A Wisconsin University Explores the Frontiers of Efficient Anaerobic Digestion

A research center at the University of Wisconsin Oshkosh focuses on ways to maximize digestion efficiency and biogas production.

A Wisconsin University Explores the Frontiers of Efficient Anaerobic Digestion

Gregory Kleinheinz

Aaerobic digestion is a high-potential growth area in water resource recovery facilities. It’s a source of renewable energy, a promising new stream of revenue and often the key to energy self-sufficiency.

But how can anaerobic digestion and biogas-to-energy be made as cost-effective as possible? How much can gas production be increased through co-digestion of biosolids with food waste and other organic substrates? How can digester retention times be shortened? Volatile solids reduction optimized? Operating costs kept to a minimum?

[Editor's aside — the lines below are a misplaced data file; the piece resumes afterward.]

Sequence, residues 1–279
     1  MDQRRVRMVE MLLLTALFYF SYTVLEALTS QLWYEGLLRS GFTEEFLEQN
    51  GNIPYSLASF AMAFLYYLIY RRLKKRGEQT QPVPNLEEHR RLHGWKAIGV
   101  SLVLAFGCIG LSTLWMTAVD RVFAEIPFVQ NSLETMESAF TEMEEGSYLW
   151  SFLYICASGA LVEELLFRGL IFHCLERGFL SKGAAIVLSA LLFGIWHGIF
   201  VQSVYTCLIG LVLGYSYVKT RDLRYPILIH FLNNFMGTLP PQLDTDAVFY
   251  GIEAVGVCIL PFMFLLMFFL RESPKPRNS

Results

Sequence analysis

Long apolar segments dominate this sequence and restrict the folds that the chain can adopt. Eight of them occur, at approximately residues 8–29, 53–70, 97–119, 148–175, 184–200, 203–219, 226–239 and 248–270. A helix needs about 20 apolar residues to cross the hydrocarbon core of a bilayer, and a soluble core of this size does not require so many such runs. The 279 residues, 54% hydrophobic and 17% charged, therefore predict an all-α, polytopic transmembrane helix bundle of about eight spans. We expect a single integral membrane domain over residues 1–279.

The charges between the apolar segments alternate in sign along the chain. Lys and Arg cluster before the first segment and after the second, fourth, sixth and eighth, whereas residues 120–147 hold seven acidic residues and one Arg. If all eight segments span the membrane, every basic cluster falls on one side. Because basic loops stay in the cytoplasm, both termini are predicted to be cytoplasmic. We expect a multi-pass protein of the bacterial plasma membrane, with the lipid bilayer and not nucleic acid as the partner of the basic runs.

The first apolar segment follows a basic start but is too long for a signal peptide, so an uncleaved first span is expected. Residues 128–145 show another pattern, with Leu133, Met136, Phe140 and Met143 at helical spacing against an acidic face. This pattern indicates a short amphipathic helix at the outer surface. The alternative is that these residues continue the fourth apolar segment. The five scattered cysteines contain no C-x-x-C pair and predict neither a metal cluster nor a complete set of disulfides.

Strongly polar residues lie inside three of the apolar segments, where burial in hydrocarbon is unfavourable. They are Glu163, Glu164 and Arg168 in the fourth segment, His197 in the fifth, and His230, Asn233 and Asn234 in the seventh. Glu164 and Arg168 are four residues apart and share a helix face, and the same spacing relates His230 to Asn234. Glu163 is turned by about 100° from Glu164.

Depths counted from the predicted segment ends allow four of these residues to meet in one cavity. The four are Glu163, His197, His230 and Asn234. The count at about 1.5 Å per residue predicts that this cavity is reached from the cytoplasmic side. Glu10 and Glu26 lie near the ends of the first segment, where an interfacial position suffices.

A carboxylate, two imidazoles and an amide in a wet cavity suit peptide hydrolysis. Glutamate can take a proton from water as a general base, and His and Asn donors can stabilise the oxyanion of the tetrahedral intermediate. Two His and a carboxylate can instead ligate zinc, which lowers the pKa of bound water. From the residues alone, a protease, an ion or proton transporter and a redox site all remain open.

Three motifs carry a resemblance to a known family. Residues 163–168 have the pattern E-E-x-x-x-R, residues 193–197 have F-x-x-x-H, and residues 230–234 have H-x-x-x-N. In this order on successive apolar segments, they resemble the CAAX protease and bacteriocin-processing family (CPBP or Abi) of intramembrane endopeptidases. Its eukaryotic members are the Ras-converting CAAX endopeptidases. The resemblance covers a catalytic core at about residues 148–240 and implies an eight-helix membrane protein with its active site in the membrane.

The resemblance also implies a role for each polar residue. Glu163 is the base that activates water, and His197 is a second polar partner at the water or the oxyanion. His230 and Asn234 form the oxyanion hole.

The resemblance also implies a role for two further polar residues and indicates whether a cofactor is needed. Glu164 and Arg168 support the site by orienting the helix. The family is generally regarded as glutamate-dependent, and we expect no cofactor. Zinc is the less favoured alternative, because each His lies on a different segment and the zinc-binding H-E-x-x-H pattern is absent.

Such questions are the concern of the Environmental Research and Innovation Center, or ERIC, at the University of Wisconsin Oshkosh. Led by Gregory Kleinheinz, R.S., Ph.D., chair of the university’s Department of Engineering Technology, ERIC is a research and testing center for the campus, the public, and industry partners. Its staff works to serve clients while training students in ecology, environmental and public health, biology, limnology and microbiology.

Among its functions, ERIC operates three anaerobic digesters as a centerpiece for research on topics like optimizing solids management and evaluating materials for biogas production potential. The center provides expertise across multiple disciplines and offers access to state-of-the-art laboratories. Kleinheinz and Brian Langolf, biogas director, talked about the center and its biosolids and biogas research in an interview with Treatment Plant Operator.

  Urban Dry Digester Small Farm Digester Large Farm Digester
System type Dry, batch Mixed plug flow Complete mix
Temperature Mesophilic Mesophilic Mesophilic
Target retention time 28 days 18 days 18-20 days
Volume treated 10,000 tons 6,600 tons/year 146,000 tons
Feedstock 53 percent food waste
23 percent yard waste
24 percent farm bedding
82 percent manure scrape
12 percent bedpack/manure
6 percent industrial food waste
100 percent manure scrape
CHP size 370 kW 64 kW 1,426 kW
Electrical production 178 MWh/month N/A N/A